By Adam Ali
A look at the beliefs and religious practices in early medieval Iran, what happened when they came into contact with Zoroastrianism and Islam.
Abu Muslim’s murder in 754 set off a series of revolts in the eastern parts of the Muslim world by his followers and other groups. These revolts took on a socio-religious coloring and the sources tend to refer to the rebels collectively as the Khurramiyya. The term “Khurramism” refers to a set of religious traditions, beliefs, and practices, and the term “Khurramiyya” (or Khurramis) to those who practiced them. Although the various groups of Khurramiyya inhabiting Khurasan, Iran, the Caspian region, and Central Asia shared certain ideas and beliefs, they did not belong to a single religion and, although they had many similarities, did not always share the same beliefs and ideas. Khurramism was not an organized, centralized, or hierarchical doctrinal religion like Zoroastrianism, Christianity, Judaism, and Islam. It lacked a set of doctrines or a centralized temple or a hierarchical priesthood. Instead, Khurramism was practiced locally in much of the Iranian world and often varied from locale to locale.
Most of the sources portray the Khurramiyya in a negative light. Due to some of their religious beliefs and cultural practices, most sources report on them in scandalized tones, making this a difficult historical topic to navigate. The Khurramiyya and Khurramism are mentioned and discussed by several modern scholars. However, in most cases they are either mentioned in passing or discussed in a superficial manner. The only monograph that addresses this topic in detail is Patricia Crone’s The Nativist Prophets of Early Islamic Iran: Rural Revolt and Local Zoroastrianism. This is the only piece of modern scholarship that explores the Khurramiyya in detail and attempts to critically analyze the sources and draw comparisons between them and other groups. Crone draws on a wide range of sources including those produced by Muslims, Zoroastrians, Buddhists, and Christians among others. These sources appear in a wide array of languages including Arabic, Middle Persian, Avestan, Syriac, Armenian, and Greek.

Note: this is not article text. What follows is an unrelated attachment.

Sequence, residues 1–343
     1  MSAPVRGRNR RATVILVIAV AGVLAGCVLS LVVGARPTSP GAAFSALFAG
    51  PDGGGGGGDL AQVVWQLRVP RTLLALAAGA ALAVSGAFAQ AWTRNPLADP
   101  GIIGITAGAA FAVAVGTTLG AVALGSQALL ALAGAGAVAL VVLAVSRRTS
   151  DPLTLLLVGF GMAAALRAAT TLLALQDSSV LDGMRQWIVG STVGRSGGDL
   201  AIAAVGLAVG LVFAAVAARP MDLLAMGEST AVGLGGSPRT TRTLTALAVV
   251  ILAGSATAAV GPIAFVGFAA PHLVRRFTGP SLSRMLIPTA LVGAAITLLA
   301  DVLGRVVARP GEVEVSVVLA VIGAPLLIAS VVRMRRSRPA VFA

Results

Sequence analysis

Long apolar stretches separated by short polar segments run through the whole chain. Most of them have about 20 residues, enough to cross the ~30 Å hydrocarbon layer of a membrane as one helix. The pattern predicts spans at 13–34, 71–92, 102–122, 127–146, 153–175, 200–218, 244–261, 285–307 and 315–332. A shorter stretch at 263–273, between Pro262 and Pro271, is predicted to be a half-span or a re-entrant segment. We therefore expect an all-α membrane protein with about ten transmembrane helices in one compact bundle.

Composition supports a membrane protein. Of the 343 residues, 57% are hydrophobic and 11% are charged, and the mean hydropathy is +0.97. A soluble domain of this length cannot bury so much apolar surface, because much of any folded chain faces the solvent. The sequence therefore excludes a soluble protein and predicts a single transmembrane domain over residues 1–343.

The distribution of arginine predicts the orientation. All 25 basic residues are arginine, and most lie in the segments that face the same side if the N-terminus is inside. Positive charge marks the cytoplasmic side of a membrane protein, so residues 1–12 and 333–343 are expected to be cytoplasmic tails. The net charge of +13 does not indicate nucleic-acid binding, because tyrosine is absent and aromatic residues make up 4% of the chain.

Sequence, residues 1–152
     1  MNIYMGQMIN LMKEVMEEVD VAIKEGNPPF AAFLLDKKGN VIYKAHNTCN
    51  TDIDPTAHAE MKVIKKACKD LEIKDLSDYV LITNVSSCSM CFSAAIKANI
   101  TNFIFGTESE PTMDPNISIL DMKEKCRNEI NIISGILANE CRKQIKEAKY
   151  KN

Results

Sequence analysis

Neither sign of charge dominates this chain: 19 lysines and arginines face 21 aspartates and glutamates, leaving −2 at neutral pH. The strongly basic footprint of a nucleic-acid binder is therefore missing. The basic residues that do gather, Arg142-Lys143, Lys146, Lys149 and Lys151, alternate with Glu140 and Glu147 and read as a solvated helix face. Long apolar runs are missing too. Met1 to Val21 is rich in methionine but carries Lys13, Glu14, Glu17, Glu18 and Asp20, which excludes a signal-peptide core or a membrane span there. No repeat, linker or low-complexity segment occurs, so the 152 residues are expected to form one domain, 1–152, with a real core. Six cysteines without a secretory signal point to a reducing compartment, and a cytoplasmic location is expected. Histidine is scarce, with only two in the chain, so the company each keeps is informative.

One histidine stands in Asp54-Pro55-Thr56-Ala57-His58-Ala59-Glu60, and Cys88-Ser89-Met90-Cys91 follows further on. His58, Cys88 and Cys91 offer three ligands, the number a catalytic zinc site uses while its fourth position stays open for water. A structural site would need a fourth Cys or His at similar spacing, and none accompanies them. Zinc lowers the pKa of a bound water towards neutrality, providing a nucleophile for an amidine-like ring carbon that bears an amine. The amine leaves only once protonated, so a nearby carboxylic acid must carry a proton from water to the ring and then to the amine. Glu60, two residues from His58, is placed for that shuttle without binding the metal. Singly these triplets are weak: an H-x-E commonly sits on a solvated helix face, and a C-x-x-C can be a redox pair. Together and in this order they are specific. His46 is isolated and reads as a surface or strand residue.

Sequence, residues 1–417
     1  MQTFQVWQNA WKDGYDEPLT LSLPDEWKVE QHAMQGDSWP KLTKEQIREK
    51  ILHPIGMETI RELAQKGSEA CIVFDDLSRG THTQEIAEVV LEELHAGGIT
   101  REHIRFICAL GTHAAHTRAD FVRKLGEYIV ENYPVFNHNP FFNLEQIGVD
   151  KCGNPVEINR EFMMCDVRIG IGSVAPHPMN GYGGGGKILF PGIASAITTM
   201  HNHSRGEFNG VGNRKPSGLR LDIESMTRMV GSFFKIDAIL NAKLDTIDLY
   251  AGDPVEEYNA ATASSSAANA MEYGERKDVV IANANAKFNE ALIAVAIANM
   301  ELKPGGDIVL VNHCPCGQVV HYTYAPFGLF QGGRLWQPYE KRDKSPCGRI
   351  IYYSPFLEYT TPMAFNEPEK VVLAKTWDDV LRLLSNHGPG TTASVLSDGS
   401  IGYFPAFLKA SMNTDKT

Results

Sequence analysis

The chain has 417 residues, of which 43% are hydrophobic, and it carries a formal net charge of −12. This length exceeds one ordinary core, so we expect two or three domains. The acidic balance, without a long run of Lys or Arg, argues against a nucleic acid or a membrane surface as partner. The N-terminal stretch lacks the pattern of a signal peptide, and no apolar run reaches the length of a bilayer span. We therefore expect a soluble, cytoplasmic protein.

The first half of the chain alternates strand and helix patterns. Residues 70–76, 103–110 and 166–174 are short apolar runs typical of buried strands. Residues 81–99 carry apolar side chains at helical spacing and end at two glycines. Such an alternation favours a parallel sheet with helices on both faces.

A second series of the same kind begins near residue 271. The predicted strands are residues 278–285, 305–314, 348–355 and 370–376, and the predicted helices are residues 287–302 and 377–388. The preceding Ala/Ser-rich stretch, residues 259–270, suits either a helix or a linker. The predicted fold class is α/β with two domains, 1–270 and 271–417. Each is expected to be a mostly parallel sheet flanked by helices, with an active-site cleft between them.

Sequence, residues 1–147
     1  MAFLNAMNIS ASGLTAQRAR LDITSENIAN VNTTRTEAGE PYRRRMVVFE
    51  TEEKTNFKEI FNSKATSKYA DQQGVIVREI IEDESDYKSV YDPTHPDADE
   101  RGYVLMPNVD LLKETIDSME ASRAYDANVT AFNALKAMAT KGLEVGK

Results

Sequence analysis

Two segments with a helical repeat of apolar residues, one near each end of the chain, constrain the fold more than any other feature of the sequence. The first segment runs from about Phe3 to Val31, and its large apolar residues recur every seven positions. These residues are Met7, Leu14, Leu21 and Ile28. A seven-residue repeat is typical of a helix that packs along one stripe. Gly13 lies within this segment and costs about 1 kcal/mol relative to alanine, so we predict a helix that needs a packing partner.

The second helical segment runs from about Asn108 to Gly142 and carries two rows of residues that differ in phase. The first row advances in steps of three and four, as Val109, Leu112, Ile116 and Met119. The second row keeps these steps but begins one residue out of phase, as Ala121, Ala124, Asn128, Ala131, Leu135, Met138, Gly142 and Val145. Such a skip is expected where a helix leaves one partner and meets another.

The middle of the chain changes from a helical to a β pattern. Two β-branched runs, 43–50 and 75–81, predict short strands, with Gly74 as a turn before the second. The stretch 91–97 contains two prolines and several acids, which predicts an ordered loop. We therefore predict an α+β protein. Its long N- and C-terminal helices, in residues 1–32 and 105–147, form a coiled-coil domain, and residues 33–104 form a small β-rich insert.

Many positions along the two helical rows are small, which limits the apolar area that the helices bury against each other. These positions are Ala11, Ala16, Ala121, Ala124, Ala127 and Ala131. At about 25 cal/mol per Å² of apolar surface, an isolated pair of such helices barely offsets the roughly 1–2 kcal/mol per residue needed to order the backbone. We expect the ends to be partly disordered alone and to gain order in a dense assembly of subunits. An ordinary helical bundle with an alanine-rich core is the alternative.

Khurramism appears to have been practiced in the rural and mountainous regions of Iran, Iraq, Central Asia, and parts of Anatolia and Syria. Crone states that many (if not most) rural Iranians practiced a form of Khurramism rather than Persian Zoroastrianism. Khurramism does share some elements with Zoroastrianism but differs from the “orthodox” Zoroastrianism that was practiced by the rulers, the nobility, the priesthood, and the elites dwelling in the urban centers of the Sasanian empire before the Islamic conquest. In fact, the sources indicate that Zoroastrians, especially the kings and the priesthood, viewed Khurramism with distaste and even labelled its adherents as heretics (when they posed a threat to the status quo during the fifth and sixth centuries). The Khurramiyya make two big appearances in history when they rebelled first against the Sasanians under the leadership of a “heretical” Zoroastrian priest, Mazdak, during the late fifth and early sixth centuries and against the Abbasids after Abu Muslim’s murder during the eighth and early ninth centuries. Otherwise, they seem to have been peaceful people, even pacifists. Their peaceful nature and tolerance towards others is evident even in the hostile sources, some of which openly state that they were peaceful, tolerant of other religions, clean, and respectful to other human beings, nature, and animals.